If you had been in Logan, Utah, the morning of January 17, 1919, you would have found the town decorated as it never had been before. All the business houses and most of the residences had some decoration. Flags were hung along main street and up First North., At the corner of Main and Center was a large sign in electric lights, which said, “Welcome Home!”

If you had asked, “Why the decorations?” you would have received the answer that it was for the boys of the 145th Field Artillery, who were coming to Logan that day to be demobilized at the Utah Agricultural College. Word was received that they would arrive at one o’clock, but long before that time the streets were crowded.

As the soldiers marched from the depot, all the people cheered them. though they were very tired the soldiers seemed glad to get back. Crowds followed them to the college but were not allowed on the grounds.

The guards had “some time” keeping the people from their returned soldier boys.

The public saw the regiment the next day, when the soldiers drilled for them, for the last time.

– Abbie Scholes, age 11, Logan, Utah


Sometimes we think the winter drear,
With all its ice and snow,
Its chilling winds, and stormy blast,
And kitchen fires aglow;
But then my dears, you all should know,
That summer would be sad,
If all this snow should fail to come,
To make the flowers glad.

– Wayne Harker, age 9, Shelley, Idaho

The Foolish Fairies

When the tree fairies set out to find their dwelling places, some were wise and some were foolish. The wise fairies chose the forest and the foolish ones chose some trees in a field.

One night a tempest swept over the country, blew the lonely trees down and left the foolish fairies homeless. But the forest resisted the storm, and no trees were injured.

“People should stand united like a forest; it is only the lonely trees that are broken by the storm,” said the wise fairies to the foolish ones.

— Walter Henock, age 12, Salt Lake City, Utah

Dear Editor. – This is a picture of my little sister Mary who was born on the 4th of July, 1910. (The American Independence day.) Hoping you can find space in the Juvenile Instructor for this, I remain,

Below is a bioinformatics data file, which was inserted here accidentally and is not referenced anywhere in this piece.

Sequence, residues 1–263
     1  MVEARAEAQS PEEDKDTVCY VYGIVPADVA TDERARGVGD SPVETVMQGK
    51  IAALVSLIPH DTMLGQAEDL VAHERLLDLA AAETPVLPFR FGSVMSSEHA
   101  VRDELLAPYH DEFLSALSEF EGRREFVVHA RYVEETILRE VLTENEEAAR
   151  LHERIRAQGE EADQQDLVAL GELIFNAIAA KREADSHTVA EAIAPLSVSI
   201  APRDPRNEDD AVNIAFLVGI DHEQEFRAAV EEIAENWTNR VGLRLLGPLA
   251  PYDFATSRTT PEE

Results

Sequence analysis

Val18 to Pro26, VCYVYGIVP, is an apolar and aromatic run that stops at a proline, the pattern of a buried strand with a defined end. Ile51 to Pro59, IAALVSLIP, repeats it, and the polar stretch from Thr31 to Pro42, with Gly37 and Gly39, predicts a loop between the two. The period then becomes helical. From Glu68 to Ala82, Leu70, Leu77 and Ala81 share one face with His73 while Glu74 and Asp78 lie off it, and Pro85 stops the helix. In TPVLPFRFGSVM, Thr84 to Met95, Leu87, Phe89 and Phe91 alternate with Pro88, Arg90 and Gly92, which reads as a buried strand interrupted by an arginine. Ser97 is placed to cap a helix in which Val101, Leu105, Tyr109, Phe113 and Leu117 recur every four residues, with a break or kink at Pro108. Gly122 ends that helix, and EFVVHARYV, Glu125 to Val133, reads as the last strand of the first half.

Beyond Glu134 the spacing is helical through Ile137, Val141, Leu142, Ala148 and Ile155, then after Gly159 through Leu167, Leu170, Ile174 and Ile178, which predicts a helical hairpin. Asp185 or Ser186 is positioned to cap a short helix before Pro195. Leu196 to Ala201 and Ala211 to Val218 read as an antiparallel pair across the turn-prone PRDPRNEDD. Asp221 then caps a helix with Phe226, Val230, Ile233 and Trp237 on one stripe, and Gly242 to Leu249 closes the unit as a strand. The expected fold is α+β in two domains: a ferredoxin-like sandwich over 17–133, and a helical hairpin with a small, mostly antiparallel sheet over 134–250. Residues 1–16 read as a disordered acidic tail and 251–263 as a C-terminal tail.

Your Brother,

– Norman Smith, age 13, East Bowling, Bradford, Yorkshire, England

Flags of the U.S.A.

Betsey Ross made our first flag,
The Red, White and Blue;
For this flag our fathers fought,
The first our freedom knew.

The red stripes of a skirt were made,
the white stripes of a sheet;
A jumper served for field of blue,
Stars sewed in circle neat.

Our flag still floats up there, on high,
So let us keep it, ever;
For it many men must die.
Must we surrender? Never!

Let us remember how we won
Our independence fair,
So let us keep our states as one
And help “Old Glory” there.

– Lucile Curtis, age 13, McCammon, Idaho



  1. I was quite impressed by the 13-year old’s poem “Little Sailors”. Quite a Robert Louis Stevenson feel to it. (How do I like to go up in a swing….)

    Comment by Paul — December 17, 2010 @ 10:31 am

  2. The tone of exhaustion is remarkable in most all of these items. I wonder if it was the result of the preference of the editor who selected them or just how people felt after the war and influenza.

    Comment by Stephen Taylor — December 19, 2010 @ 9:38 am

  3. I was amazed to see the essay by 11 year old Abbie Scholes of Logan, Utah on the return of the 145th Artillery. This little girl lived to be 96 years old and was my mother. She taught us well with literacy. Thanks for a glimpse of her childhood which she never mentioned.

    Comment by Elinor Hyde — July 3, 2014 @ 3:03 pm

  4. Elinor, my favorite comments are from people who discover a bit of their family history here. Thanks so much for taking the time to comment!

    Comment by Ardis E. Parshall — July 3, 2014 @ 3:06 pm

  5. Elinor, that’s so cool!

    Comment by Carol — July 3, 2014 @ 3:24 pm